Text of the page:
A compelling biography of a family, and a portrait of an era.
Each of the seven Garman sisters were strikingly beautiful, artistic and wild. Born around the turn of the nineteenth century, most of the siblings were to become involved in the radical literary and political circles of British life between the First and Second World Wars. Their morals were unconventional: bisexuality, unfaithfulness and illegitimate children were a matter of course. Nevertheless they were high-minded and intensely loyal.
They were the last muses: women who were prepared to sideline their own talent, friendships, material comforts – even their own children – in order to beguile and inspire the men they loved.
Cressida Connolly’s family biography delves into the lives of three of the sisters in intense and revealing detail.
Kathleen Garman, the father’s favourite, ran away to London to study music. There she was spotted by the American sculptor Jacob Epstein, who promptly fell in love with her. She was to remain his muse until his death. She had three children by Epstein, was shot in the shoulder by his first wife and at last became Lady Epstein in 1955.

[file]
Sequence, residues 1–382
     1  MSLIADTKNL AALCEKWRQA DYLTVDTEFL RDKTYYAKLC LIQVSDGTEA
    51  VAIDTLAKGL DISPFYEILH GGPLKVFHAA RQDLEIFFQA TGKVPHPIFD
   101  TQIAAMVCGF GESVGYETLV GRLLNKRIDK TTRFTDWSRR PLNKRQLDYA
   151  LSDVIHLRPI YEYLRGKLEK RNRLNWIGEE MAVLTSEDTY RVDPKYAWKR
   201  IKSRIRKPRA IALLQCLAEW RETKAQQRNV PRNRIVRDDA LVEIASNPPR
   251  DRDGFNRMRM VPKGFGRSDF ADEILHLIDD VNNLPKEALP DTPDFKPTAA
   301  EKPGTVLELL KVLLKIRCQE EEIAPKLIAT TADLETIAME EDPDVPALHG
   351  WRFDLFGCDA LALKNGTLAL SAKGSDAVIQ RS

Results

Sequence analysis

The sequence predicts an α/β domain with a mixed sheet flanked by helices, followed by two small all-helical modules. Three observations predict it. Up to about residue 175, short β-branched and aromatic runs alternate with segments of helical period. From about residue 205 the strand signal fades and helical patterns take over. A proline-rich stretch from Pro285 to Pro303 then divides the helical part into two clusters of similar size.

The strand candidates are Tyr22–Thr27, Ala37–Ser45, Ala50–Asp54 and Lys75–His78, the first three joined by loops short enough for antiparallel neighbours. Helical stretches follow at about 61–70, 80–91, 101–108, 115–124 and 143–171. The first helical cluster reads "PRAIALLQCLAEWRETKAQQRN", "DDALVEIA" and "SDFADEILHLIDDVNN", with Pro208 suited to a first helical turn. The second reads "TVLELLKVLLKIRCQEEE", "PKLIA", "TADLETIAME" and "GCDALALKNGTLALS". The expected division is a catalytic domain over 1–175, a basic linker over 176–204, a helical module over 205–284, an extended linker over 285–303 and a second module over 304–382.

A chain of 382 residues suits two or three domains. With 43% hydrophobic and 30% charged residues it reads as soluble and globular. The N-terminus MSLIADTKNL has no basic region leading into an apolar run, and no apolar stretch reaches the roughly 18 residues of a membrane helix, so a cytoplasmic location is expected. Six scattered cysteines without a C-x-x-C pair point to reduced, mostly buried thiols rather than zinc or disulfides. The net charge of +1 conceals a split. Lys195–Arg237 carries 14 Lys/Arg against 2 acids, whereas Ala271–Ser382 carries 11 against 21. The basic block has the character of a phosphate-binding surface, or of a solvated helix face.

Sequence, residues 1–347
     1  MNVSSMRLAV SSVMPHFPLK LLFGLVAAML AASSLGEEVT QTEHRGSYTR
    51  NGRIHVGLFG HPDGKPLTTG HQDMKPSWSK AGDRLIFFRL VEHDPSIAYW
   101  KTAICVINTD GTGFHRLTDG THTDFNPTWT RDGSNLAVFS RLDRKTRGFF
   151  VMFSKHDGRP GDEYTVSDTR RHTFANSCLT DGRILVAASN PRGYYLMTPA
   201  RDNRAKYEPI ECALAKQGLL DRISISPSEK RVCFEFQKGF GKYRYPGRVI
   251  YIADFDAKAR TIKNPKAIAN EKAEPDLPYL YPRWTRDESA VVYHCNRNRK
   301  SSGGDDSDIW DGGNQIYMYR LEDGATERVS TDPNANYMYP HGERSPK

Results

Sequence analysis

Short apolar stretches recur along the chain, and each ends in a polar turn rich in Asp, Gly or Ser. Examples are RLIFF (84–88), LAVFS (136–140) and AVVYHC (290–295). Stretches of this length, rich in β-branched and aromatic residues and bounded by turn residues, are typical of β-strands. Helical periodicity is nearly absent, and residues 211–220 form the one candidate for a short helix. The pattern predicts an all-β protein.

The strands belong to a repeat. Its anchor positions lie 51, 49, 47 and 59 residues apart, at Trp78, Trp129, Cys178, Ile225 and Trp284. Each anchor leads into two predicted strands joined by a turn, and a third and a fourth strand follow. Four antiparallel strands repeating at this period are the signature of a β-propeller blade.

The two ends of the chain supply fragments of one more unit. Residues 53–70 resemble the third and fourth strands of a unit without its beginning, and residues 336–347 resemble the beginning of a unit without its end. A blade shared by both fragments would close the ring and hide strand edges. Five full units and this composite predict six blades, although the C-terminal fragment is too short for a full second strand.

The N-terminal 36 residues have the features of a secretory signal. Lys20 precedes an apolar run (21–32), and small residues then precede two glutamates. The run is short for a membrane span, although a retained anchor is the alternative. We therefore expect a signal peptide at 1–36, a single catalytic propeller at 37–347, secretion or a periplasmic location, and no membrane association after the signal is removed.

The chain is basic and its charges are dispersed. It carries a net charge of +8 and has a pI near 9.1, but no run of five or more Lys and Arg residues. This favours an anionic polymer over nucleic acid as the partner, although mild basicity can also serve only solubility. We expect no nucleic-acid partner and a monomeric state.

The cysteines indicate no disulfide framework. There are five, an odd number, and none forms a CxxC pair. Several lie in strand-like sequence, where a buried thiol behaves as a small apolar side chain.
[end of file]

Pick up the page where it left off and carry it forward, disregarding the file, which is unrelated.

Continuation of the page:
There was Mary Garman, who came to London with Kathleen and studied art at the Slade. She married poet Roy Campbell, who was to become the scourge of the literary establishment by espousing General Franco’s side during the Spanish Civil War.
And then finally there was Lorna Garman, the youngest and most beautiful of all the family. At sixteen she married the wealthy Ernest Wishart who was a landowner, communist and founder of the socialist publishing house Laurence & Wishart. He spent most of his life turning a blind eye to his wife’s infidelities. Lorna was the love of Laurie Lee’s life and she had a daughter by him. Lucian Freud painted several pictures for her.
Through Cressida Connolly’s skilfull retelling of these remarkable lives, we get an intimate portrait of a golden age of romance, passion and art that is an original, beguiling read.
Reviews of The Rare and the Beautiful: The Lives of the Garmans
- ‘Paints some wonderfully vivid pictures of how difficult the Garmans must have been to live with.’ Sunday Telegraph
- ‘Connolly writes with great elegance and perception about this ruthlessly sensual family.’ Literary Review
- ‘A rollicking mix of the familiar and surprising.’ Sunday Times
- ‘A sobering coda and an often hilarious tale.’ Independent